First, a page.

Student poverty and debt continue to be a living reality for thousands of working class students throughout Northern Ireland. The introduction of tuition fees and the abolition of maintenance awards will increase this hardship.
For too long poverty and hardship have been the realities of life for the vast majority of students.
For too long we have witnessed protest march after protest march, lobby after lobby and the all the while attack after attack. Government, both Tory and now Labour, have conducted a ruthless campaign against the living standards of students. A campaign against the idea of free, accessible, education for all.
With each attack higher and further education becomes more and more the preserve of the wealthy elite and the middle classes. Working class people find themselves squeezed out, excluded or forced into a life of poverty and ever increasing debt.
This onslaught on the living standards of students began back in 1984 with the halving of minimum maintenance grants, and abolition of Student Travel Cost reimbursement, everywhere but Scotland. Since then there has been cut after cut.
In 1986 Entitlement to Unemployment Benefit, Supplementary Benefit and Housing Benefit was taken away during Christmas and Easter breaks. Housing Benefit was withdrawn for students living in halls of residence.
In 1987 restrictions on payment of Housing Benefit for accommodation left unoccupied over the summer break were introduced.
In 1990 the Student Loans system was introduced, all students became ineligible to claim unemployment benefit throughout their studies, even in the months of the Summer break. The vast majority of full-time students had access to Income Support and Housing Benefit removed. The mandatory grant was frozen at 1990-91 levels.
The Government provided £25 million in Access Funds as a 'safety net' while up to £100 million had been paid in benefits (which are no longer available) the year before!
In 1993 the Government announced that the grant was to be cut by 10% each year for 3 years. Student debt through the loans system was to be increased accordingly to 'compensate'.
The 'Older Students Allowance', to help mature students into third level education was abolished for the year starting 1995/96.
1997 saw the introduction of the student fees. The existing grant and loan system was 'replaced' with 'income contingent loans for maintenance'.
All along this has been met with a largely ineffectual campaign from the NUS/USI. In the eighties chants of Maggie! Maggie! Maggie! - Out! Out! Out!, were replaced with chants of Major! Major! Major! - Out! Out! Out!. Then the Tory Government was replaced with the Labour Government. A change of Government has brought no change in attitude other than lip service. Lobby after lobby has not halted the onslaught. Nor will it.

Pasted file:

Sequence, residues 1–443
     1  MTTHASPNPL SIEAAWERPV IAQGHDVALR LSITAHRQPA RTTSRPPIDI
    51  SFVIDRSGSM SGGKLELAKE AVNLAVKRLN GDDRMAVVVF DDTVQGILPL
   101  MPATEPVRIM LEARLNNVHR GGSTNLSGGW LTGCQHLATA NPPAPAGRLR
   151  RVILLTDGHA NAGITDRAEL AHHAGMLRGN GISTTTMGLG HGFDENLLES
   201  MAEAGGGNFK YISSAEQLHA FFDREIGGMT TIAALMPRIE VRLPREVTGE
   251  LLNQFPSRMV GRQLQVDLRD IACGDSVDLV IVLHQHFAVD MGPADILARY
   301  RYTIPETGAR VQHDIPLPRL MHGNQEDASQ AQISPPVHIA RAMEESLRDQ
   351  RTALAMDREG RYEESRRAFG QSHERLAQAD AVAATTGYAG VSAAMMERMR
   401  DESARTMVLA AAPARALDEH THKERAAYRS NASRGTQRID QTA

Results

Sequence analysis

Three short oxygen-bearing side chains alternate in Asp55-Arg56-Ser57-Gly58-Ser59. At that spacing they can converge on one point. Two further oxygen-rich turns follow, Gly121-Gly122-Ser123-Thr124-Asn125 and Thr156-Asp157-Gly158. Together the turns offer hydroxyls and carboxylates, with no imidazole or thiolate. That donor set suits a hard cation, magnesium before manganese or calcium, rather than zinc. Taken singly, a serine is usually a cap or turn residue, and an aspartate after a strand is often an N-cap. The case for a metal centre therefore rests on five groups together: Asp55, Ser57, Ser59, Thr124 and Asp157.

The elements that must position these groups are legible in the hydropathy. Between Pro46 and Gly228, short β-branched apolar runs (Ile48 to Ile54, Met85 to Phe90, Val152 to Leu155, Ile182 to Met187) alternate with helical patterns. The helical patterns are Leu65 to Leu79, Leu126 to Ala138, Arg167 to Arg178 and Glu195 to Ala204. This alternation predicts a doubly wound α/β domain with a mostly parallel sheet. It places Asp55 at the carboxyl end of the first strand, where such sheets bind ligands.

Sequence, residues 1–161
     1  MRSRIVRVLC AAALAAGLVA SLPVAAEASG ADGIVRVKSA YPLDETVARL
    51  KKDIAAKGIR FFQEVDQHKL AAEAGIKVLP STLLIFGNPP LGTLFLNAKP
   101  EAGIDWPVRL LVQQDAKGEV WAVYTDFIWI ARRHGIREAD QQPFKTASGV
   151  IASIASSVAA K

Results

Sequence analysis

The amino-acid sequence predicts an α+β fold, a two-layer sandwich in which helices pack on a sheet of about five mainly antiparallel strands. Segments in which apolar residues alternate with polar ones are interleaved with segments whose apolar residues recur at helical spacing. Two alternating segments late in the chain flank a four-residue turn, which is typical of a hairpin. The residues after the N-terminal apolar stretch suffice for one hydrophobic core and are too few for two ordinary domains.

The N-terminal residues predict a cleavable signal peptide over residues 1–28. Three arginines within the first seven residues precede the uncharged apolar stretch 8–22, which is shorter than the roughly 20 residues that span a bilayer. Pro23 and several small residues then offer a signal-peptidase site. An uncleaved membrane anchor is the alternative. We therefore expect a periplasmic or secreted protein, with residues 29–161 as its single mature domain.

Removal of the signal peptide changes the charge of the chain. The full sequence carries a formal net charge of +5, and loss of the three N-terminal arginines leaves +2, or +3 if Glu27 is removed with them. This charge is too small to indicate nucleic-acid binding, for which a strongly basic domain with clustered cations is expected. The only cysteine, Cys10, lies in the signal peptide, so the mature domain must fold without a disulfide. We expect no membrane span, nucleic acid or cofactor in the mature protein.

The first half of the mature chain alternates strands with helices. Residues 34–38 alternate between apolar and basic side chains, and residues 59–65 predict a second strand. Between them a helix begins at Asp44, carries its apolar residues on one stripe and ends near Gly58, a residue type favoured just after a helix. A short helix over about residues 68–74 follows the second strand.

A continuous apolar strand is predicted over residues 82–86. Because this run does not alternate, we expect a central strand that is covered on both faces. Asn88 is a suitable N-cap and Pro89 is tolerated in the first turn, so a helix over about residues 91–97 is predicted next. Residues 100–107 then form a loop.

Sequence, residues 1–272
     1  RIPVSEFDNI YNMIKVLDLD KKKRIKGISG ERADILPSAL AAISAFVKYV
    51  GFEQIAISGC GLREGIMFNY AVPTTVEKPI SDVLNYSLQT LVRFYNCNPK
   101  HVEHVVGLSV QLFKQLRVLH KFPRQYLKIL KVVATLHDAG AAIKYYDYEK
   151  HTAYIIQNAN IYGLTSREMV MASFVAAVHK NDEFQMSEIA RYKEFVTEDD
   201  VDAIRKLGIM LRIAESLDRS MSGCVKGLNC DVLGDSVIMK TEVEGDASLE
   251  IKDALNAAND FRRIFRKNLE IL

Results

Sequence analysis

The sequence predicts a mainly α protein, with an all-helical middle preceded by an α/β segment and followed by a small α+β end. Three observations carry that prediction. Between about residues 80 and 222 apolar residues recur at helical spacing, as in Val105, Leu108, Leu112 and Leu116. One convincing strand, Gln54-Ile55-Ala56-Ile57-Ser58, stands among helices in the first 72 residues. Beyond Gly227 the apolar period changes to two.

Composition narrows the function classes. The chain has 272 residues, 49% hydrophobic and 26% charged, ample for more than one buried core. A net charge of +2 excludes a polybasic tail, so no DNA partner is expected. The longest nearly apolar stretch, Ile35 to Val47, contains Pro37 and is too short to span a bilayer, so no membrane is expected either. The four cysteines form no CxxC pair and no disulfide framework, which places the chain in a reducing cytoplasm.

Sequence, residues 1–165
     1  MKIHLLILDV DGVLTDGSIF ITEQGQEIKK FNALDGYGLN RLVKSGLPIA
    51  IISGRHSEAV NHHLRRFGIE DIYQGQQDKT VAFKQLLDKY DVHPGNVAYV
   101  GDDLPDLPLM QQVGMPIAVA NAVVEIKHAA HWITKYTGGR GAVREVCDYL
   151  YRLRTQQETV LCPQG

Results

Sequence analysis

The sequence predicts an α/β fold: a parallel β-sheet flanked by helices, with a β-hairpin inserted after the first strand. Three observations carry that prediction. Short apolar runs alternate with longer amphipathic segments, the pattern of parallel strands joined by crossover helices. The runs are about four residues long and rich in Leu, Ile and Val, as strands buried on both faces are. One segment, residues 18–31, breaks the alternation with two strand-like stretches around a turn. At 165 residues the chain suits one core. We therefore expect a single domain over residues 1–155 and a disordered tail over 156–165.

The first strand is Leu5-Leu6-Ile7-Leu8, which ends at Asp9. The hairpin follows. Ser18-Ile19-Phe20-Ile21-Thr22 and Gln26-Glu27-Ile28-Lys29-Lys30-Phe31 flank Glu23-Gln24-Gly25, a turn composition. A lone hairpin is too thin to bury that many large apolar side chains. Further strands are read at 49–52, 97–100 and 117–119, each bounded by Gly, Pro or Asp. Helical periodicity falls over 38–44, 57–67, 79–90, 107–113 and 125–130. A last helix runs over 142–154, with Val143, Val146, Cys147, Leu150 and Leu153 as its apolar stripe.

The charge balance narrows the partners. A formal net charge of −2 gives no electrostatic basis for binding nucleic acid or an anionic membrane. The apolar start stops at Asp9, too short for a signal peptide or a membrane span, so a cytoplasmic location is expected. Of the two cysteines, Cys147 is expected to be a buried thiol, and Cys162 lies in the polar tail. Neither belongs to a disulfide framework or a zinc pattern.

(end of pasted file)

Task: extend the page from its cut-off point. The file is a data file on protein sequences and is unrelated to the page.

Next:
Whatever Government gets in, at Stormont or Westminster, it will be the same story. The education system is all about churning out nicely produced managers and intellectuals to administer capitalism on the capitalist's behalf. University education for working class people is not one of their concerns. Perhaps barring us from it is.
What is needed to ensure we get access to higher level education without having to endure at least three years of poverty, hardship and debt is an aggressive campaign based on direct action. One that isn't afraid to take the fight to the doorsteps of those politicians and faceless bureaucrats who have no concept of what it means to be a working class student having to put in long hours in a shitty job, at the expense of study, just to make ends meet. While all the while sinking deeper and deeper into debt.
In the short term we need;
THE RESTORATION OF FULL GRANT MAINTAINED EDUCATION, WITH ALL THE COSTS OF LIVING INCURRED COVERED. THE END OF THE LOANS SYSTEM. ABOLITION OF STUDENT FEES. TO MAKE COMMON CAUSE WITH WORKERS IN HIGHER AND FURTHER EDUCATION IN THE FIGHT AGAINST THE OTHER ONSLAUGHT ON EDUCATION - CUTS.
In the long term;
FREE EDUCATION WERE STUDENT'S TAKE AN ACTIVE ROLE AS EQUALS IN THE LEARNING PROCESS. AN EDUCATION SYSTEM RUN BY ALL THOSE WHO STUDY AND WORK IN IT.
Student debt and hardship is increasing.
In 1998 20% of students in Northern Ireland owed more than £4,000 to Student Loan Companies (1).
Students in further education colleges only receive an average of £656 a year in grants, student loans and parental contributions, yet have an expenditure of @ £3,000 a year - a £2,344 shortfall.
Levels of student debt are increasing with graduates expected to have an average debt of £4,497. The cost of attending university has gone up by 103% since 1994 while graduate salaries have gone up by just 17% (2).
In 1999 73.3% of full-time undergraduates, 71.4% of part-time undergraduates and 76.6 % of postgraduates were in debt. Mature students had substantially more debts than other students.
The Government estimates that a student completing a three-year course outside London starting in 1999 taking out the full loan available each year will owe a total of £10,165 at 1998 prices (4).
Footnotes; 1) NUS/USI Student Income and Expenditure Survey (1998). 2) Barclays Bank Student Debt Survey 1998. 3) The NUS Student Hardship Survey 1999. 4) Parliamentary Written Answer